One singer’s choice of a video style made a long-lasting mark on pop culture – no matter his wide range of music too: Robert Palmer.
Fueled by a love for blues, soul and jazz, Palmer joined his first band at age 15 in Yorkshire, and was soon on Dada and Vinegar Joe, where he started making his mark in the early 1970s.
By the mid-1970s he started a solo career with Island Records, and recorded albums influenced by New Orleans, New York and then the Caribbean, after moving to Nassau, Bahamas.
In 1979, he concentrated on rock again, releasing “Bad Case of Loving You” from the album Secrets, giving him his first Billboard single. But it was a fortuitous meeting in 1983 that made all the difference – Palmer met the members of Duran Duran. When the band went on hiatus, he formed Power Station with Duran Duran members Andy Taylor and John Taylor and had Tony Thompson formerly of Chic make the foursome.
Power Station recorded their album in the Bahamas and had two major singles “Some Like it Hot” and a cover of T. Rex’s “Get it On” (Bang a Gong) , both of which became top 10 singles on both sides of the Atlantic. Palmer only performed live once with this band on NBC TV’s Saturday Night Live – their gig at Live Aid he was replaced with Michael des Barres.
In 1985, Palmer released his album Riptide, also record in the Bahamas, and featured both Andy Taylor and John Taylor. The first single “Addicted to Love” became a number one hit in both the UK and North America, and was accompanied by a distinct music video, with Palmer as lead singer and his band a bevy of identically dressed and made-up women, which certainly seemed to reflect the artistic style of Patrick Nagle.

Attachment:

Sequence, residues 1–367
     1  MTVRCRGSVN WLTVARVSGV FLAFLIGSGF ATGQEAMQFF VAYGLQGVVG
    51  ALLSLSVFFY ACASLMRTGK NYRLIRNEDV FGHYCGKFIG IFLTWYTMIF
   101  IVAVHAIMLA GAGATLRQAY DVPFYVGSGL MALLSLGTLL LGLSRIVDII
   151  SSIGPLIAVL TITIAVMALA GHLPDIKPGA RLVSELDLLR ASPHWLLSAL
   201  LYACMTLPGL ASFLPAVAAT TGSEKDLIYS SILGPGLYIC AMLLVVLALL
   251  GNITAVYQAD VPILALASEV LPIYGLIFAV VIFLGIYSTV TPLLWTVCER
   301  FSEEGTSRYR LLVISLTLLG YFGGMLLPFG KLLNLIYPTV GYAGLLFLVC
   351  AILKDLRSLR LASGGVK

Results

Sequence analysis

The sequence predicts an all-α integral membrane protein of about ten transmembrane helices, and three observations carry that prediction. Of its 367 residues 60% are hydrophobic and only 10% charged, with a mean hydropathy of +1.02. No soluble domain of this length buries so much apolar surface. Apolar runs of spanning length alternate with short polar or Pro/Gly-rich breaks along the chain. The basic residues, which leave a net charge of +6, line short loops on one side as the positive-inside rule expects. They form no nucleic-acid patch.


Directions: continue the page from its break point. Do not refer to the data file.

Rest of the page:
Palmer won the Grammy Award for Best Rock Male Vocal Performance in 1986 as well as performed at the MTV Video Awards with his “band”. Moving from the Bahamas to Switzerland, Palmer went back to experimenting with different musical styles for his next two albums, after making a major pop splash with Riptide, happy to create music and not be in the pop spotlight any longer.
I remember when the video was released for “Addicted to Love” – it played endlessly on MuchMusic and many other show and then became a music video that inspired many parodies. But unlike his other 1980s counterparts, Palmer didn’t have the distinctive clothes, hair or makeup – he wore an elegant dark suit and let his music and voice take precedence.
Despite Palmer’s flash as a pop superstar in the mid-1980s, his wide range of music stylings are known by true fans, but for the rest of us, its all about the man in the dark suit, fronting a bevy of women pretending to be a band.